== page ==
• Disciplinary integrity and interdisciplinary connections matter.
  • Social studies emphasizes the development of skills and practices as preparation for democratic decision-making and includes communicating conclusions about society’s challenges based on evidence.
  • An Inquiry Arc with four articulated dimensions represents the framework for teaching and learning.
  • Social studies education should have direct and explicit connections to the Common Core State Standards for ELA.

How is the C3 Framework organized?

The C3 Framework for Social Studies State Standards provides guidance to states on the concepts, skills, and disciplinary tools necessary to prepare students for college, career, and civic life. In doing so, the C3 Framework offers direction and support for rigorous student learning in social studies. That guidance and support is articulated by an Inquiry Arc—a set of interlocking and mutually reinforcing ideas that feature the four dimensions of informed inquiry in social studies.

  • DIMENSION 1: Developing Questions and Planning Inquiries
  • DIMENSION 2: Applying Disciplinary Concepts and Tools
  • DIMENSION 3: Evaluating Sources and Using Evidence
  • DIMENSION 4: Communicating Conclusions and Taking Informed Action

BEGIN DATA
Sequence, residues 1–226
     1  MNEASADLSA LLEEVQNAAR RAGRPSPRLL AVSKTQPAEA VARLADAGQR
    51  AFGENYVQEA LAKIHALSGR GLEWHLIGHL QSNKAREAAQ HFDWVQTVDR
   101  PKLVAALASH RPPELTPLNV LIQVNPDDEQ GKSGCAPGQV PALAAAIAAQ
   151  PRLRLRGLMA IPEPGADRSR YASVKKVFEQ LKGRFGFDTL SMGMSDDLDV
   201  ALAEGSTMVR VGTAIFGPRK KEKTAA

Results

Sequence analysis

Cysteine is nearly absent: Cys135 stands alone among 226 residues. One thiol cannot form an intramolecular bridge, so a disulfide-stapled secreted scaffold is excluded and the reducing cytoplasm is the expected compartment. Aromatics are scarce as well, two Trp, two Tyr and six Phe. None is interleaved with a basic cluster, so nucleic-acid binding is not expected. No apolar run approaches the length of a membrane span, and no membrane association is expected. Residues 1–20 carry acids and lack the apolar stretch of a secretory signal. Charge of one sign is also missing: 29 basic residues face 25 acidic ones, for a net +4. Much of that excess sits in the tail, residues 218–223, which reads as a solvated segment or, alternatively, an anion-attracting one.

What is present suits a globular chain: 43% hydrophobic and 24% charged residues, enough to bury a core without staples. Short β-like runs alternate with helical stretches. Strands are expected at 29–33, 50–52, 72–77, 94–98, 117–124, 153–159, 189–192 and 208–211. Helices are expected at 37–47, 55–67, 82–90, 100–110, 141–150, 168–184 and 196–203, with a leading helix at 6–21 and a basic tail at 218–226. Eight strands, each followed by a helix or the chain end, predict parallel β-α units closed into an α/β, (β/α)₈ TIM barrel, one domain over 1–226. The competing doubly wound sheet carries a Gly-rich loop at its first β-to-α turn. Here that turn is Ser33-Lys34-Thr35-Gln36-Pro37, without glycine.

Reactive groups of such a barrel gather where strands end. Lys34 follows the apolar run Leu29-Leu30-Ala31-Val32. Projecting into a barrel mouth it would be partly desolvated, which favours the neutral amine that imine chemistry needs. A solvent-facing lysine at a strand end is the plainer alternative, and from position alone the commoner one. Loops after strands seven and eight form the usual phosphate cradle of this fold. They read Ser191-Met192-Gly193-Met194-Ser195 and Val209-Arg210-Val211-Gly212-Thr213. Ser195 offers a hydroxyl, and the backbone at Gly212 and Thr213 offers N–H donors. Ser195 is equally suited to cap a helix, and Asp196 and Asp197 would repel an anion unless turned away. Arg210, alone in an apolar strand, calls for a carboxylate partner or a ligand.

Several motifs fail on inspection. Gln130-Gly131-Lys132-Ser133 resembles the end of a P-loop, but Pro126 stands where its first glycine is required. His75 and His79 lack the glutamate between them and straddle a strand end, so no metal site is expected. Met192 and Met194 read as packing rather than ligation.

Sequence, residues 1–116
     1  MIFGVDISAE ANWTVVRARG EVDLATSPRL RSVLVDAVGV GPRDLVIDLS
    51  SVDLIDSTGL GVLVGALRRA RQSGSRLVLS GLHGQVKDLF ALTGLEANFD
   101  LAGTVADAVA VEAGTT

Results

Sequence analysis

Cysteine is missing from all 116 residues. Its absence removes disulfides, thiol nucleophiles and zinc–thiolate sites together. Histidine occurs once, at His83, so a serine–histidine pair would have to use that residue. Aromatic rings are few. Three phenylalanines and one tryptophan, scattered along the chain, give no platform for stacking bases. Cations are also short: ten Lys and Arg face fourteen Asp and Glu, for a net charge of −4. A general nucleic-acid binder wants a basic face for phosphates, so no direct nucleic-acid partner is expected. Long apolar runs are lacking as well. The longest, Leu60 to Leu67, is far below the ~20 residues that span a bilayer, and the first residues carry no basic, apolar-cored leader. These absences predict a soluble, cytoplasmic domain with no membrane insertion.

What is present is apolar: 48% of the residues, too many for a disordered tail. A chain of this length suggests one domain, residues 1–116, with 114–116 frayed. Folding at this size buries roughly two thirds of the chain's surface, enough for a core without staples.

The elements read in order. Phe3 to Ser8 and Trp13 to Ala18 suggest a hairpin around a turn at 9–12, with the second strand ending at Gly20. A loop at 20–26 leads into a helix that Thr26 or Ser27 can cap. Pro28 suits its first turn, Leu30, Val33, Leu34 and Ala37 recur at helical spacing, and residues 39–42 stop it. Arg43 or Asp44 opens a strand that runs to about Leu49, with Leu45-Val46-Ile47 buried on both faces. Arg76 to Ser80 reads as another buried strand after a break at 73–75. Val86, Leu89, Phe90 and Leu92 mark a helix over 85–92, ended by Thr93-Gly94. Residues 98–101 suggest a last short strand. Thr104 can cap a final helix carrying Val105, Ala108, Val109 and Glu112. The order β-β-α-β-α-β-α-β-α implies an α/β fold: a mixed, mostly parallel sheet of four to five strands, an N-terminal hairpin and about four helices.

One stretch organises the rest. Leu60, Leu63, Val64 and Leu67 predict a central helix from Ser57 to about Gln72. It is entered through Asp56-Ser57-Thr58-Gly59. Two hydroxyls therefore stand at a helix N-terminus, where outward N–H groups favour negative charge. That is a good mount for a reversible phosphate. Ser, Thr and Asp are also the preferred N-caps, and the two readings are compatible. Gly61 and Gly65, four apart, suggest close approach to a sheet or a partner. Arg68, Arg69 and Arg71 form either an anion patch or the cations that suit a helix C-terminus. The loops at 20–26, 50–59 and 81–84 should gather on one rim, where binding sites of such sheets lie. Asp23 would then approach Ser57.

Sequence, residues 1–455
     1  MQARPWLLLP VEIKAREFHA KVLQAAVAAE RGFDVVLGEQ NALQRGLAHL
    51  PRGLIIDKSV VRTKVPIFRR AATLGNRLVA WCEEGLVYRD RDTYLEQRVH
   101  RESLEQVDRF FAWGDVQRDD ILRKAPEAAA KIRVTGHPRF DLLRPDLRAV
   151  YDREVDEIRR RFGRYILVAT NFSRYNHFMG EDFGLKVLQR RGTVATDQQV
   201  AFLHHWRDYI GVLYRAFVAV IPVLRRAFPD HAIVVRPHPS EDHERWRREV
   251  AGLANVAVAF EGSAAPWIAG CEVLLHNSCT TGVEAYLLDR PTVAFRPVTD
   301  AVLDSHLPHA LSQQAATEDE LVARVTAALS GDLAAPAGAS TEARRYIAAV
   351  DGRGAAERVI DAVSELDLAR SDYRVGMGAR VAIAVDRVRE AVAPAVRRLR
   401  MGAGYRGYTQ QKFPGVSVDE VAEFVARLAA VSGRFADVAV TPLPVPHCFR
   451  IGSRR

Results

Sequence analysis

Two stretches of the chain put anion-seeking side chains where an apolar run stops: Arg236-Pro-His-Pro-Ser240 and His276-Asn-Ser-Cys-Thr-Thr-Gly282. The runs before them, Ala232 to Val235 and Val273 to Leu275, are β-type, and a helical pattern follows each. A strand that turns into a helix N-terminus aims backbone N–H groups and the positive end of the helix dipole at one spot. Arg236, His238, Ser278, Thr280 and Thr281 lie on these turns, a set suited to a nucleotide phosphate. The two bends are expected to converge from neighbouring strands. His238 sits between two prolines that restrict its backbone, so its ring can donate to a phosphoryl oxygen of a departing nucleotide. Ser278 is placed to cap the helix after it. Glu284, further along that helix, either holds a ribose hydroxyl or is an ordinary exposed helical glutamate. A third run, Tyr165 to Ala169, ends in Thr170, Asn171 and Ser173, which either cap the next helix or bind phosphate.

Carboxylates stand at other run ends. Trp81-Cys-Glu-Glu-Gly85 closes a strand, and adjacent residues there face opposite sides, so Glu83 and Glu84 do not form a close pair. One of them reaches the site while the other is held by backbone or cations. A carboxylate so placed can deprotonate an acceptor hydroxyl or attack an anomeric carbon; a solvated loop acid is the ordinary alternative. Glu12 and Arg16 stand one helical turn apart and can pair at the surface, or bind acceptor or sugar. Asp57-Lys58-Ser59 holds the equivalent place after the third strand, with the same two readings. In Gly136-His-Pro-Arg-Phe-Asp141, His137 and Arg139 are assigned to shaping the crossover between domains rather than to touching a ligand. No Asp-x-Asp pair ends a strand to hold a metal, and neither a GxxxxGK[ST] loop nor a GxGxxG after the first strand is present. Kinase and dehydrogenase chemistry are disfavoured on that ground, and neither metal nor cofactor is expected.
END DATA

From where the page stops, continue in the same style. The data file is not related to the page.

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Developing Questions and Planning Inquiry

The first dimension includes the development of questions and the planning of inquiries. With the entire scope of human experience as its backdrop, the content of social studies consists of a rich array of facts, concepts, and generalizations. The way to tie all of this content together is through the use of compelling and supporting questions.

Questioning is key to student learning. The C3 Framework encourages the use of compelling and supporting questions, both teacher- and student- generated, as a central element of the teaching and learning process. For example, a compelling question like “Was the American Revolution revolutionary?” is both intriguing to students and intellectually honest. Developing compelling and supporting questions is challenging, and teachers need to provide guidance and support to help students learn how to craft them.

Applying Disciplinary Concepts and Tools

Dimension 2 provides the backbone for the Inquiry Arc. Working with a robust, compelling question and a set of discrete supporting questions, teachers and students determine the kind of content they need to develop their inquiries. This process is an artful balancing act. The interplay between Dimensions 1 and 2 is dynamic. Students access disciplinary knowledge both to develop questions, and to pursue those questions students must use disciplinary concepts and tools.

Learners of all ages, typically begin proposing solutions to compelling questions based on their experiences. Because social studies content is based in human experience, students develop hunches about the questions under study. Rich social studies teaching pushes beyond student hunches by offering students opportunities to investigate those questions more thoroughly using disciplinary (civic, economic, geographical, or historical) and multi-disciplinary means.